The founder of the Northern Fishing School is determined to introduce as many people as possible to the magic of the sport
Having spent a childhood on the river bank, Marina Gibson has now founded the Northern Fishing School to introduce as many people as possible to the sport and it’s enormous physical and mental benefits.
For more sporting Dianas, seriously sporting ladies offering advice and encouragement, Megan Rowland hopes to ease new people’s way into deerstalking. And Rosie Whitaker learnt from a family of top shots and is passionate about encouraging the next generation into the field.
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If you told me seven years ago that fishing would be my full-time career and I’d be running my own fishing school, I’d have laughed. I’m now 28 and incredibly excited to have started my new venture, The Northern Fishing School at Swinton estate in North Yorkshire. The school offers guided fishing and tuition, fishing courses accompanied by other activities such as yoga, cooking, falconry, golf, spa and more, school sessions and corporate days. I want to introduce as many people as possible to the magic of fishing – whatever their age – as the fun, affordable, perfect antidote to stress and the best way to escape the daily grind.
As a family we spent a lot of our time outdoors and on the banks of the river. My parents introduced me to fishing when I was five years old, starting with conventional tackle and eventually moving to fly-fishing. By eight, my brother and I were casting double-handed rods, both eagerly waiting to connect with the ‘King of fish’, the Atlantic salmon. It wasn’t until I was 11, fishing the River Oykel, that this moment arrived and I caught two in the space of 10 minutes. “This salmon fishing malarkey is a doddle,” I thought. Little did I know how tough this remarkable species could be.
My mother used to take us to our local fishery, Donnington Trout Farm. The manager taught us how to gut a fish and showed us that if the fish has just been killed the heart still pumps in your hands. These memories really stuck, although, sadly, it’s no longer a fishery.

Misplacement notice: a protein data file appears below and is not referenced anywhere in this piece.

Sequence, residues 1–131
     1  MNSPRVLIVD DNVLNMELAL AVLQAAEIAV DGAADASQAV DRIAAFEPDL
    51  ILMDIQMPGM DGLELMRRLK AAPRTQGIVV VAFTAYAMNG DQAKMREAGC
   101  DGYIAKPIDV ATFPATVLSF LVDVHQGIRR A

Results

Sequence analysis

During my teens, fishing took a backseat. But when my parents gave me rods for my 21st birthday I rediscovered the joy of fishing and found it grounding. I was longing to find something to take me out of London at weekends and fishing became my escape. During the week I would dream of my fishing adventures that coming weekend, bobbing up and down on Grafham Water or strolling along the banks of Syon Park lake.
When I met my now husband (we were married at Donnington Trout Farm), who felt the same about London, we decided to move to North Yorkshire, where he was brought up. I had passed my Level 1 and 2 Angling Trust Coaching exams and was qualified to teach and decided now was the time to turn my passion into a career. Fortunately, Orvis UK has supported me since 2015 and it has played a huge role in my success. In March 2018 I took my Fly Fishers International CI [casting instructor] exam and passed first time. I think exams are crucial to gain more knowledge, experience and respect.
Fishing days are all-consuming, from planning your trip to downloading the experiences from the day. It gets you off the sofa and away from tech, and is brilliant for families – young children pick it up quickly and learn how important our eco systems are.
Making the perfect cast and placing your fly in the right place takes time, persistence and effort. I think a lot of people still believe you need to be a certain type to fish: tough, uber-fit and strong – but you don’t. Casting is about technique, as well as finesse and timing, but that can be learnt through practice.
Many people ask: “Don’t you need patience to fish?” I always reply that you might need patience to learn how to fish in the beginning but once you’ve got over this hurdle the world is your oyster, you simply can’t get bored from that moment on.
Fishing offers huge physical and mental benefits. It requires concentration but within a tranquil environment. There is a growing modern fishing community, made up of a younger, more diverse group of people, which I am glad to be part of. You can find them online, sharing their latest catch, as much as on the end of a line by a river. Thanks to the internet they’re already changing the way fishing is perceived and making it more inclusive. Social media has opened up the world of fishing – as an adrenaline-fuelled hobby, a fun way to get outdoors, to look after your wellbeing, build friendships and grow an awareness of the importance of conservation, getting back in touch with the natural world.
I’m not sure what I’d do without fishing. I’ve really found something that makes me happy and I am truly grateful for this.
TOP TIPS: I’ve experienced some online negativity. If you experience this in the future I’ve learnt NOT to react, take some time to breathe and call someone who will make you feel better. In the long term, you will be stronger and next time it happens it’ll be water off a duck’s back. If there is something you’d like to change in your life don’t wait, make a plan and set some deadlines, anything is possible if you work hard.